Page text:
-- Not Above Suspicion
David Geffen, Elliot Roberts, & Neil Young
Frame from 'Inventing David Geffen': American Masters
(Click photo to enlarge)

In 2012, we posted preview trailers for the upcoming documentary film 'Inventing David Geffen': American Masters.

Which, of course, reminded many of Neil Young's "lost '80's" due to the infamous Geffen lawsuit. This in turn, coincidentally led to the following article which examines the legal nightmare from a different angle. From How Neil Young Became the First Artist to Get Sued for Not Being Himself By Susan Alexander:
What? How can you get sued for not being yourself?

Writing for Rolling Stone, music journalist Don McLeese explains:

Neil Young is the only artist in the history of modern recording to be sued for refusing to be himself. The suit, filed by Geffen Records, Young’s label for much of the Eighties, charged that he was violating his contract by recording ‘unrepresentative’ albums. In other words, Neil Young wasn’t making Neil Young music.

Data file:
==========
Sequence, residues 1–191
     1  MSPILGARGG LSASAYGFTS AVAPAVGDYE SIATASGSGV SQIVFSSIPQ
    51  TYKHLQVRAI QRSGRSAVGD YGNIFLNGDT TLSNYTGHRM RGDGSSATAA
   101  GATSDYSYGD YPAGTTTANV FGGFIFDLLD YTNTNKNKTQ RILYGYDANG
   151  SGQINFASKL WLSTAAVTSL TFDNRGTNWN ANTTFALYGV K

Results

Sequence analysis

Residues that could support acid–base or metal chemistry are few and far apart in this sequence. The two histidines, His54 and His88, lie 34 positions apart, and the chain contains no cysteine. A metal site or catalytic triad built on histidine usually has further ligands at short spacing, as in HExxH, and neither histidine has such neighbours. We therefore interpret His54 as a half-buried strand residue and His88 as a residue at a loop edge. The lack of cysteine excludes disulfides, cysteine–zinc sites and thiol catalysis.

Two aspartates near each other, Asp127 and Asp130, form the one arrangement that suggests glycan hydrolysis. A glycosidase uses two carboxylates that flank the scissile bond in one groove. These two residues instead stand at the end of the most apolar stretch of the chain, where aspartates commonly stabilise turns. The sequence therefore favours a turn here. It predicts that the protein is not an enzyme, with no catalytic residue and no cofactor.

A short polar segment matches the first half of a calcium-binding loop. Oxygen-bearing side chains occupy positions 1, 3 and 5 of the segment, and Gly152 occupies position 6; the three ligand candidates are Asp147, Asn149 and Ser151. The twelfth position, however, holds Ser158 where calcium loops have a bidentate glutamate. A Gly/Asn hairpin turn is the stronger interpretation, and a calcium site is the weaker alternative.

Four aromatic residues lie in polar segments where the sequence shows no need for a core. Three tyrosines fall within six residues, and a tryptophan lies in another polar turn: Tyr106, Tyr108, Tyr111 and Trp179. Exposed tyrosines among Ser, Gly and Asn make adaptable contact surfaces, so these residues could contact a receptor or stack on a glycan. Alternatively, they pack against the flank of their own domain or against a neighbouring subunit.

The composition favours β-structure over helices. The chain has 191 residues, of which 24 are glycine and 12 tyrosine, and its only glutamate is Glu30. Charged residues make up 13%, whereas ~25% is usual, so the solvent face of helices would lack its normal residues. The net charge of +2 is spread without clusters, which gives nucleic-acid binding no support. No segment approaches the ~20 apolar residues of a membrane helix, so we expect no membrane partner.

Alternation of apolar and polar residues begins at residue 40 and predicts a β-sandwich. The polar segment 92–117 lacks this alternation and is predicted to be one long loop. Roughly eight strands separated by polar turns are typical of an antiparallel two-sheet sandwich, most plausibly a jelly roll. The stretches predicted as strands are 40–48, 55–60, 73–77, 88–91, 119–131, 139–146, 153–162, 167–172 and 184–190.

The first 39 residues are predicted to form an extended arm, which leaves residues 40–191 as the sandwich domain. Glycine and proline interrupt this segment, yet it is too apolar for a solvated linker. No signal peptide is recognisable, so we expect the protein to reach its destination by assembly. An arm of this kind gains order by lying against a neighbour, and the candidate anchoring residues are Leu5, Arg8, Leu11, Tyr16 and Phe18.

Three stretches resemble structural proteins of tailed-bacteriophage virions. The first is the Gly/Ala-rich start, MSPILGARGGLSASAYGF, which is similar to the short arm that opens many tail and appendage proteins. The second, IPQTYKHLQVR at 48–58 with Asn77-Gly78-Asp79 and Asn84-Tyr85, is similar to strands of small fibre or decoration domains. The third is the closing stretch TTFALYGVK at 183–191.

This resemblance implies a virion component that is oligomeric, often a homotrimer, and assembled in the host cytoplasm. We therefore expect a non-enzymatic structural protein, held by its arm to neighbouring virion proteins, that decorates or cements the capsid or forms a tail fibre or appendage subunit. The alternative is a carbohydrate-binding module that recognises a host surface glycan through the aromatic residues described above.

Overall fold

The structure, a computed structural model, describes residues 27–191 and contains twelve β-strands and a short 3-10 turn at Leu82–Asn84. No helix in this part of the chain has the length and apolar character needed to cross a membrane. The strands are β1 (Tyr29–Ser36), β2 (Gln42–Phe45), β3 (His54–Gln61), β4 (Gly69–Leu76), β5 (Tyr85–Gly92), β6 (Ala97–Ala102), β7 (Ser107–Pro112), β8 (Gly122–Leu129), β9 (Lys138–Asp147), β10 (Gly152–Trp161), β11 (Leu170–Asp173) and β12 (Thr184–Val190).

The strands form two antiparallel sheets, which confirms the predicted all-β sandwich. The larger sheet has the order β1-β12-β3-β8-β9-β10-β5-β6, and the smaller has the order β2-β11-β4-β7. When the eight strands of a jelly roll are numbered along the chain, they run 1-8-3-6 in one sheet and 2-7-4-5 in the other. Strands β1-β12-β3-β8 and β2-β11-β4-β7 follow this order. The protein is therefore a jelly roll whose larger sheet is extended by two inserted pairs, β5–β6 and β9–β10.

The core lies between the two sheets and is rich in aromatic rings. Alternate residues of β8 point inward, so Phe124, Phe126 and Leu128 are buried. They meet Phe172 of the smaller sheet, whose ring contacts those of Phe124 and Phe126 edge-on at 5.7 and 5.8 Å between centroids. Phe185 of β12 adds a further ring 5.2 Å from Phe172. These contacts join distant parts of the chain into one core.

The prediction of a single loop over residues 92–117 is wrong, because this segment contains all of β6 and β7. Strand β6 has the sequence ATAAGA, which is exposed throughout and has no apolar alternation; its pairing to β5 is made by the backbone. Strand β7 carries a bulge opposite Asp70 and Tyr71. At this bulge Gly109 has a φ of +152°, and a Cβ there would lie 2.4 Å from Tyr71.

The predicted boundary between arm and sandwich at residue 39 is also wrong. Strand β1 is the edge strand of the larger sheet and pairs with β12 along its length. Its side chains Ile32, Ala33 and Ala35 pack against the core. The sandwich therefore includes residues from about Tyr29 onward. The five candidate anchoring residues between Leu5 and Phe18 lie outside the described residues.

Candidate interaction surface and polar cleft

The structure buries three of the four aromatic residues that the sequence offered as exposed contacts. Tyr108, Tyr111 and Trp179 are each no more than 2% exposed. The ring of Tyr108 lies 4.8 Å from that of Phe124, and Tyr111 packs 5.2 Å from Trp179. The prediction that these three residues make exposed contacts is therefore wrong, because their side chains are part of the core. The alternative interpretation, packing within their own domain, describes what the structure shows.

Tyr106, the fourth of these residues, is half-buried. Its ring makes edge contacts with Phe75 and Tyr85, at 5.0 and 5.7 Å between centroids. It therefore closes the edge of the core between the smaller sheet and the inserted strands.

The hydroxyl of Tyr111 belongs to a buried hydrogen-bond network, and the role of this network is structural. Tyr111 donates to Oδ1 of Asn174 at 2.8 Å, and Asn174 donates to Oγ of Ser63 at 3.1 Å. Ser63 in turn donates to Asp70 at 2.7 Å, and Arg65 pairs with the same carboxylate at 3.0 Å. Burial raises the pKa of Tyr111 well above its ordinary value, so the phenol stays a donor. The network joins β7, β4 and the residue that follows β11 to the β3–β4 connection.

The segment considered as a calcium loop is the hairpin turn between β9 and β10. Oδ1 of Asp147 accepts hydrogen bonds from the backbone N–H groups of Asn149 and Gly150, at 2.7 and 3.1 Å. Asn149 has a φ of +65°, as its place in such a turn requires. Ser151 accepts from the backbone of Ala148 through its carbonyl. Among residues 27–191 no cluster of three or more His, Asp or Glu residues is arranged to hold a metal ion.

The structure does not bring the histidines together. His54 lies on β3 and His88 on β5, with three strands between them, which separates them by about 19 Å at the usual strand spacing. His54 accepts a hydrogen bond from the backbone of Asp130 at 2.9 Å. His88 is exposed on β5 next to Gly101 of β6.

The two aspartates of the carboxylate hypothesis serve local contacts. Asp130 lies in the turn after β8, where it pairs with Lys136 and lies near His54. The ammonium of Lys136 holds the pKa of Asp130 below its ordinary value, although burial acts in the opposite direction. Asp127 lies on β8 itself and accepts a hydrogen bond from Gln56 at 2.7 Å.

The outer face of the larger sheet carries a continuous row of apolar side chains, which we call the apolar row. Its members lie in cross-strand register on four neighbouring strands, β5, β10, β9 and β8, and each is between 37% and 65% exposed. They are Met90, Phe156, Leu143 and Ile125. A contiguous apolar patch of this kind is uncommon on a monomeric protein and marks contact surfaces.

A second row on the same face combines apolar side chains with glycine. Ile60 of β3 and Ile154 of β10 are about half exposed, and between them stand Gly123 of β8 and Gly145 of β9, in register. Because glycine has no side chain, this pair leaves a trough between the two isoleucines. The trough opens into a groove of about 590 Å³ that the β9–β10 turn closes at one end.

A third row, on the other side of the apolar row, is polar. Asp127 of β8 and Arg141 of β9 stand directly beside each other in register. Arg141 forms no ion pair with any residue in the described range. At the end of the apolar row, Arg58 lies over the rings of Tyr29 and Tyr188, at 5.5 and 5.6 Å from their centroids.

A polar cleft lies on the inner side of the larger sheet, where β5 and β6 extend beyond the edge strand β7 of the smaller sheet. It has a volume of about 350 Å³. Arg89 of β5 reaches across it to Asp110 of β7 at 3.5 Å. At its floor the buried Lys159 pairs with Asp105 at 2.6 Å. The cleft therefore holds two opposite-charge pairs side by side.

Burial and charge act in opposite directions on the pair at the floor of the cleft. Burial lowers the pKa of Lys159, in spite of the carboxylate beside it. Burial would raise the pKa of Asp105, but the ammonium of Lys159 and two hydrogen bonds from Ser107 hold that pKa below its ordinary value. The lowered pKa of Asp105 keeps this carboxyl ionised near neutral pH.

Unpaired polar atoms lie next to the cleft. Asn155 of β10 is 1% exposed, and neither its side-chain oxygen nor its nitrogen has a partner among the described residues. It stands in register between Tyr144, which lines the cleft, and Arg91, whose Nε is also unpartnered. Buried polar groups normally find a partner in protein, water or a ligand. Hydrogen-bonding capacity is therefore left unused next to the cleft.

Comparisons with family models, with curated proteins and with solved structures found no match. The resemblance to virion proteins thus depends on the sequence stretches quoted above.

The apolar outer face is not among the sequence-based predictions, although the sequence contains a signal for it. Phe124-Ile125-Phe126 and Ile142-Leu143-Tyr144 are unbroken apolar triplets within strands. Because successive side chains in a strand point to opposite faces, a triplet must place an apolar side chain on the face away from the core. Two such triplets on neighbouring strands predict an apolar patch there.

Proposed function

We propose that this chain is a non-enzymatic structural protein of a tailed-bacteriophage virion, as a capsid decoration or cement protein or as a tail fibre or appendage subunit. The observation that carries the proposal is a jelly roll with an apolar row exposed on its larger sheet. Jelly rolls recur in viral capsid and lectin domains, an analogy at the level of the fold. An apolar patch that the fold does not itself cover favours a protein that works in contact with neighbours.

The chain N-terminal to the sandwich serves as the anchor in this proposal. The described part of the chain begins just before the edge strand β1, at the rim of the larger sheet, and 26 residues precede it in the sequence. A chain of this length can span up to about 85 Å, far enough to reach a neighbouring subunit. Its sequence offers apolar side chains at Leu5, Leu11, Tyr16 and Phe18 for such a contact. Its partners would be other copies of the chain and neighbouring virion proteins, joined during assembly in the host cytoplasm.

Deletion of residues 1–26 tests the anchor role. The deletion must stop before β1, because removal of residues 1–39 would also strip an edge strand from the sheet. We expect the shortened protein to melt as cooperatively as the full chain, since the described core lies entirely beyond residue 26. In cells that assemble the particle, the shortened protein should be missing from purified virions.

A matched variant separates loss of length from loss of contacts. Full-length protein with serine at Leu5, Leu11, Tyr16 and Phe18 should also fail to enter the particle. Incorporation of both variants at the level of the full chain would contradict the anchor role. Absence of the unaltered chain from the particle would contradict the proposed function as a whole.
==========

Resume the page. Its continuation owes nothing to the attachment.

The problem with Geffen’s suit was that there has never been any such thing as a ‘representative’ Neil Young album. Young has made a decades-long career out of keeping his fans guessing what he’ll do next.

Even before he signed with Geffen, his ever-changing style included raw and edgy, melodic and romantic, dark and melancholic, acoustic and electric, and introspective and retrospective, with a bit of punk thrown in for good measure, all backed by whatever band he’d assembled at the time. It’s just how he worked (and still does).

This post explores how Young has managed to maintain an ongoing state of creative flow throughout his career. Even when he was creating to order for a record company, and even during the litigation that ensued.